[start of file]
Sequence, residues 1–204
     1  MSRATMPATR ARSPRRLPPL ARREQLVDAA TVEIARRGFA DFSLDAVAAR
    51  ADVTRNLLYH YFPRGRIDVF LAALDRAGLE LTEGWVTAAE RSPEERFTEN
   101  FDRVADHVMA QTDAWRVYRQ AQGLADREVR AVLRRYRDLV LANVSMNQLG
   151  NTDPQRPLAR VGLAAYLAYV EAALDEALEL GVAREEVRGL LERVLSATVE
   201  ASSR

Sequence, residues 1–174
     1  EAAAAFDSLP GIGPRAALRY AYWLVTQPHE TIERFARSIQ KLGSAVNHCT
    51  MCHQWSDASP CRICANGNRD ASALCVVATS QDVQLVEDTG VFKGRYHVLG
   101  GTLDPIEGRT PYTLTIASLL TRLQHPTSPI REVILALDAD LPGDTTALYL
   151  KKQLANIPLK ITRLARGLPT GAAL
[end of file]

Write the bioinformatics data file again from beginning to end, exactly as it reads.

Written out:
Sequence, residues 1–204
     1  MSRATMPATR ARSPRRLPPL ARREQLVDAA TVEIARRGFA DFSLDAVAAR
    51  ADVTRNLLYH YFPRGRIDVF LAALDRAGLE LTEGWVTAAE RSPEERFTEN
   101  FDRVADHVMA QTDAWRVYRQ AQGLADREVR AVLRRYRDLV LANVSMNQLG
   151  NTDPQRPLAR VGLAAYLAYV EAALDEALEL GVAREEVRGL LERVLSATVE
   201  ASSR

Sequence, residues 1–174
     1  EAAAAFDSLP GIGPRAALRY AYWLVTQPHE TIERFARSIQ KLGSAVNHCT
    51  MCHQWSDASP CRICANGNRD ASALCVVATS QDVQLVEDTG VFKGRYHVLG
   101  GTLDPIEGRT PYTLTIASLL TRLQHPTSPI REVILALDAD LPGDTTALYL
   151  KKQLANIPLK ITRLARGLPT GAAL